We live in the information age. At a time when information technology sits at the core of worldwide development and when access to information directly impacts a nation’s ability to provide opportunities for its citizenry, information is very much the key to unlocking CARICOM’s sustainable future. For this vibrant region comprising various cultures and people and connected by a drive to reach that future, strong collaboration is the fuel needed to drive CARICOM to its destination.
Created in 1973, the Latin American Energy Organisation (OLADE) exists to integrate Latin American and Caribbean countries through the development of the regional energy sector. While the organisation originally focused on the oil markets, OLADE’s agenda has since expanded to include the incorporation of renewable energy sources and support for the overall regional energy transition. The organisation’s current goal is to help the region generate more than 70% of its power from renewable energy sources by 2030. Headquartered in Quito, Ecuador, OLADE includes 27 Member Countries (including eight CARICOM Member States), represented by their Energy Ministers or Secretaries.
With the support of TAPSEC and as part of its long-standing relationship with the Caribbean region, OLADE has provided CARICOM with the key to accessing the data that will power the regional energy transformation. The CARICOM Energy Information System (sieCARICOM), was designed by OLADE based on the existing general Energy Information System already in use throughout Latin America. OLADE worked closely with the Caribbean Centre for Renewable Energy and Energy Efficiency (CCREEE) to tailor the system specifically for the region’s needs with the aim of enabling CARICOM to gather and process the energy sector data it needs to reach its sustainable energy goals.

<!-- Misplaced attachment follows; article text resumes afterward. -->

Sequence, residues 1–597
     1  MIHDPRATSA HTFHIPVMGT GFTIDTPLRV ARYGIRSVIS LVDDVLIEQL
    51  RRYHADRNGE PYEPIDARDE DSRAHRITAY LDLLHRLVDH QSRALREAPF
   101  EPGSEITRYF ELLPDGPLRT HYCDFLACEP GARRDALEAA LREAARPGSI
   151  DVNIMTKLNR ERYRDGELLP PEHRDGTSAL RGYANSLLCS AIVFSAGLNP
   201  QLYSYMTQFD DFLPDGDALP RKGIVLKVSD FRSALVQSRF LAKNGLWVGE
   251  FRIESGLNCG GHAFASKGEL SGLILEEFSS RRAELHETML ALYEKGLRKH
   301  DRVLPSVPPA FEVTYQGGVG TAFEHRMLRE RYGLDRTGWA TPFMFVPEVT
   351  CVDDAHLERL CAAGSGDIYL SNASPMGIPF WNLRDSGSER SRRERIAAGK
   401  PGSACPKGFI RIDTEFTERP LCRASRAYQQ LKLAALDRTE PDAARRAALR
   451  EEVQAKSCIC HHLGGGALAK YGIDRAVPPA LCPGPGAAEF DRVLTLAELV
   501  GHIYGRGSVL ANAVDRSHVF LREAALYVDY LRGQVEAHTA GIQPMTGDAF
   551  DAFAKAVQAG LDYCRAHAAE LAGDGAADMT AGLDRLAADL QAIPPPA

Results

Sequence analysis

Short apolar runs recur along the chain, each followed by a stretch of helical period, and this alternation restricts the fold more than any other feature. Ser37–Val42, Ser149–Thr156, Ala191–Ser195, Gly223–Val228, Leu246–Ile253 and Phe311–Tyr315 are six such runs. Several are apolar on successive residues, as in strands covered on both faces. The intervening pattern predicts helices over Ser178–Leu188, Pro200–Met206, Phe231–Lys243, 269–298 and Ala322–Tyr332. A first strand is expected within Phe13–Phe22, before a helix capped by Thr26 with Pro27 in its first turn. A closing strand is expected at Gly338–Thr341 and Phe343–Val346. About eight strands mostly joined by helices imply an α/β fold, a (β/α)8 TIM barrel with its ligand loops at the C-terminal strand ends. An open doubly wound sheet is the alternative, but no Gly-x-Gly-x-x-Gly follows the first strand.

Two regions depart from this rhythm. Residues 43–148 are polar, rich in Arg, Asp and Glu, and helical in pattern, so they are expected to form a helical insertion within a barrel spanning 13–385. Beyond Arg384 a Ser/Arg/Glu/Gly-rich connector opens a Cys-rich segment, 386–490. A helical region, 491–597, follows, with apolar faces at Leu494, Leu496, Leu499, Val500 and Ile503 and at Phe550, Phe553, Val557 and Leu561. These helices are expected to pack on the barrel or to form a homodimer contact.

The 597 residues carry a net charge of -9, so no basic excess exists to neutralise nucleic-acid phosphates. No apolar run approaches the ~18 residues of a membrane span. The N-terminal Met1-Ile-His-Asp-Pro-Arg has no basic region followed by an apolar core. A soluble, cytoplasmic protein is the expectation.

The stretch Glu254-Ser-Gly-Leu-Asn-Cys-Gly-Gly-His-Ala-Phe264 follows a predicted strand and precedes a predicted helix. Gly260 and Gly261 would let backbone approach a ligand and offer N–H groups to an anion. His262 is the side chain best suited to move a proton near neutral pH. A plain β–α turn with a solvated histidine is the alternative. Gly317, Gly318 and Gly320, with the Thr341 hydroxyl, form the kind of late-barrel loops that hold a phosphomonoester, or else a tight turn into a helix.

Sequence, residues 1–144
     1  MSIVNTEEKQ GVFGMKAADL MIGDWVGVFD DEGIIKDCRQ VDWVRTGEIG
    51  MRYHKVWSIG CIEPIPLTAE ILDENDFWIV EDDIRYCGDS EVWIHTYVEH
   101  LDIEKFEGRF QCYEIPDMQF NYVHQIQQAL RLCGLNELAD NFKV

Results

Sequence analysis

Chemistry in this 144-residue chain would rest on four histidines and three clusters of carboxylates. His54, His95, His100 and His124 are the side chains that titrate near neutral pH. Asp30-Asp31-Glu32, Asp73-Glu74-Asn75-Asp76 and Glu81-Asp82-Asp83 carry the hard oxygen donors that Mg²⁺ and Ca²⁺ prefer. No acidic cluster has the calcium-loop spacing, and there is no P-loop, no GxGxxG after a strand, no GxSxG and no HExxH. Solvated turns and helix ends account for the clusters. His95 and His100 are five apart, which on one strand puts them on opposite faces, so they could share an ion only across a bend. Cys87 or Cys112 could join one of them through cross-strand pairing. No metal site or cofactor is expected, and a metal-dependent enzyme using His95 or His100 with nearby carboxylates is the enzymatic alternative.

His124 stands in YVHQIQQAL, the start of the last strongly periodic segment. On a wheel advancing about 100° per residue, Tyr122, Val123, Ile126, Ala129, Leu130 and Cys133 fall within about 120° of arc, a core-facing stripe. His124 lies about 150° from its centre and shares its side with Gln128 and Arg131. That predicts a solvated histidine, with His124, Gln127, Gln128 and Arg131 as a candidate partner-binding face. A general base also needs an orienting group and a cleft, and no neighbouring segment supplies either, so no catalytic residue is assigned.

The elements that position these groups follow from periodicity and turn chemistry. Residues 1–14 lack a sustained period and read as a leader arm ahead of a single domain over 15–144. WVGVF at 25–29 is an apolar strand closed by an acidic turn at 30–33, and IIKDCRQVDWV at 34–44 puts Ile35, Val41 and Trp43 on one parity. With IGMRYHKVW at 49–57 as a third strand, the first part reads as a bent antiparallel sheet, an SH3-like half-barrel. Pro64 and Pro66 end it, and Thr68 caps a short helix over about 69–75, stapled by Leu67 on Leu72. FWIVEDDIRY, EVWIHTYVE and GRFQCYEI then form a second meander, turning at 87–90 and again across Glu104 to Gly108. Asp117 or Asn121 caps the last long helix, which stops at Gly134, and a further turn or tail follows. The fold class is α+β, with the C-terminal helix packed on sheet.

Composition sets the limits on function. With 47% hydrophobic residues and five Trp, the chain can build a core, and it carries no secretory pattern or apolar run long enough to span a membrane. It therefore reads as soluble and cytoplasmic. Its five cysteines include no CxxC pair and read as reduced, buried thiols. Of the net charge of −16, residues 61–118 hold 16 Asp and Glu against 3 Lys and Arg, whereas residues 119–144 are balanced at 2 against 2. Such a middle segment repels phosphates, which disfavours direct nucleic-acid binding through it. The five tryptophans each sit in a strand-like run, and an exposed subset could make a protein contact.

In order to design the sieCARICOM, OLADE needed to leverage its existing Caribbean connections to collect the necessary data. As a longtime implementing agency for regional projects supported by international financiers such as the Deutsche Gesellschaft für Internationale Zusammenarbeit (GIZ) GmbH, OLADE has a strong existing network of cooperation within the Caribbean. This was the network that enabled the organisation to connect to various ministries, utilities and energy companies across CARICOM during the information collection process. Once the sieCARICOM was complete, OLADE again reached out to begin the capacity building aspect of the project, ensuring that regional officials were properly trained to use the system to prepare the energy balances and other associated reports which will provide the high-quality energy statistics the region needs.
Alfonso Blanco, Executive Secretary of OLADE, describes this project as a continuous one focused on improving regional information systems and grounded in the close working relationship between his organisation and CARICOM. Not only will OLADE continue to engage in training as regional officials change, but it will continue to review the data prepared by the system and maintain the system itself, providing updates on a yearly basis.
Mr. Blanco credits TAPSEC’s support as crucial to OLADE’s efforts to launch the sieCARICOM and implement its newly-developed methodology for energy balances throughout the region. Noting that “information is essential” to the regional energy transition, he says programmes like TAPSEC “are the catalysts of the transformation because they are focused on overcoming the existing barriers in our region, capacity-building, improvement of regulations, creation of long-term energy policies and development of strategies to fight climate change.”
As the person who pioneered the open data strategy within his office, Mr. Blanco firmly believes that open access to information will encourage the kind of innovation CARICOM needs, saying “if all Caribbean countries have better information with a standardised process for energy information collection, this will be the basis for new investment in the region, the basis for increased participation of renewables throughout the region and the basis for improving the quality of life of the people.”